"ἐν ἀνθρώποις εὐδοκία"
The word ἀνθρώποις is in the dative, meaning "to men" (i.e., humankind, for the P.C. folks ) the preposition "ἐν" can mean quite a lot, as most Greek preposition can mean quite a lot. We can understand it as "on, in, to, towards, etc." but "of" (as in "men of goodwill") isn't really in the right tenor of the word. It has this connotation of approaching, being within, etc. it's a state of relation, not a state of being, if that makes sense. We can't really use this word to talk about the quality of a noun, only it's relationship to something. This can't really mean that we're only talking about people who are of goodwill (i.e., "εὐδοκία" which could also be understood as "good tidings" or "blessings.")
As for the Latin...I don't have a clue. I've not studied Latin nearly as much as I have Greek. Nor do I know the history of the Gloria in Latin translation.
"et in terra pax hominibus bonae voluntatis"
"and on Earth, peace to men of good will."
"Bonae voluntatis" is in the Genitive form. So literally "men whom have good will".
Can ἐν be understood as 'with', whereas you'd say "to men with good will" or "to men 'in the direction of' good will"? I'm not very well versed in Greek.
Interesting. I guess they're being true to the Latin, then. Meaning...the Latin is not a very good translation of the Greek, and should be fixed!
That's a different way to look at it. Indeed, ἐν can be translated sometimes as "with," meaning something like, "those who reside in" or "those who are within." However, this is to be taken in relation to something, and not being in possession of something. Perhaps, another way to say it is "those who are within a certain limit" or "those inside a greater whole." So, I suppose it would be more like the English "men within good will" or "men moving towards good will." In a sense, the good will possesses the men, the men do not possess the good will (i.e., they are not "men of good will" as if good will is an attribute ascribed to them).
In other words, ἐν is a preposition of location, not of attribution. You can't answer the question "who" with it, but rather the question "where." If that makes sense. To understand "with" in the sense of attribution, perhaps μετά with the dative would be a better preposition to convey that idea? Of course, there are probably others that are better at it. Greek has an abundance of prepositions which can be used a variety of ways, depending on the case, number and even inherent meanings of the individual noun in question. It's a very highly nuanced, and confusing, system. I have to admit to consulting my Greek dictionaries to answer you!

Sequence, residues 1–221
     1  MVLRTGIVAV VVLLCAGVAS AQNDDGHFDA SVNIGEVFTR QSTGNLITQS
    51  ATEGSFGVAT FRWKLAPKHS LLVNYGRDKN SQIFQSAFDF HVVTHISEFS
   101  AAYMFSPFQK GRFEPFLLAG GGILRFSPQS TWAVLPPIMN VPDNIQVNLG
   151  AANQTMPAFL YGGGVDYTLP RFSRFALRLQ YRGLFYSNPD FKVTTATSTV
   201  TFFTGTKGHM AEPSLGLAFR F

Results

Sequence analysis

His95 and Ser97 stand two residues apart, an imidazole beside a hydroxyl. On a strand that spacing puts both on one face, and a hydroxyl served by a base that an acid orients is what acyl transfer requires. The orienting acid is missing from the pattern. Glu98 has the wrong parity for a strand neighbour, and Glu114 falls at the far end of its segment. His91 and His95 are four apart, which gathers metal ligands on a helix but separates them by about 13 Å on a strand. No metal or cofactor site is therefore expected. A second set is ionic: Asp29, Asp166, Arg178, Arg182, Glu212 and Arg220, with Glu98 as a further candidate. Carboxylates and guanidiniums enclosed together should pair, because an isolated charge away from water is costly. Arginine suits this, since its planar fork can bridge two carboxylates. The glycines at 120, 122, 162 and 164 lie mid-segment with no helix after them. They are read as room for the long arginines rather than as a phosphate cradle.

Thanks for the detailed response.
I ask because I take "peace to men of good will" to be similar to the beatitude "blessed are the peacemakers". Whereas, just as the last ICEL translation was not literal (and peace to his people on Earth), it still conveyed a similar thought. So if the Greek could be understood as with a similar thought, though not necessarily literal, then perhaps it wasn't necessarily a wrong translation, just not a literal one.
I would say "peace to his people on Earth" while not literal, is in a similar vein to "peace and goodwill towards men." It bugs me as a Greek nerd a bit because they just totally eliminated "goodwill" from the phrase altogether. Honestly, it sounds like a compromise translation, like one camp wanted "peace and goodwill towards men" and another wanted "peace to men of goodwill" so they just dropped the goodwill altogether! Still, though it is quite different, and I don't like it at all, it's still closer than the "men of goodwill" bit, at least insomuch as it ignores the issue, whereas the new translation is simply wrong. Perhaps we could say one is wrong by omission, the other by commission?
Interesting. I went ahead and pulled that Beatitude for us! It reads:
"Μακάριοι οἱ εἰρηνοποιοὶ, ὅτι αὐτοὶ υἱοὶ θεοῦ κληθήσονται"
Parallel: "Blessed the peacemakers, because they sons of God shall be called."
There's actually no preposition here at all. Whereas the new translation of the Gloria still uses a prepositional phrase "of" meaning, "have possession of", "those with the attribute of", etc. there's not even a verb in the phrase, "Μακάριοι οἱ εἰρηνοποιοὶ" much less any prepositional phrase. Simply an adjective, the definite article, and the noun. The "to be" is understood. IIRC, Latin does a similar thing.
So, while in English I think we could understand "peace to men of goodwill" and "blessed are the peacemakers" in a similar vein, both of them displaying attributes of the people, the two phrases when considered in the Greek are vastly different. Not to mention the nuanced meaning of the Gloria, and the very straightforward and simple meaning of the Beatitude. Of course, in the Gloria, both "peace" and "goodwill" are nouns, not adjectives. In the Beatitude, "Blessed" is adjectival, thus describing the peacemakers.
Don't get me wrong, I don't really have a theological problem with the new Mass translation, as the kid seems to have. I think his tantrum about how it means peace is only deserved by men of good will is quite contrived. But, the translation is sadly unrepresentative of the Greek. it seems honest to the Latin, though, if that's any consultation to the Roman Church. Of course, the Latin is unrepresentative of the Greek, from which it is translated, so...yeah. I love Rome, but they seem to have fumbled the ball on this one.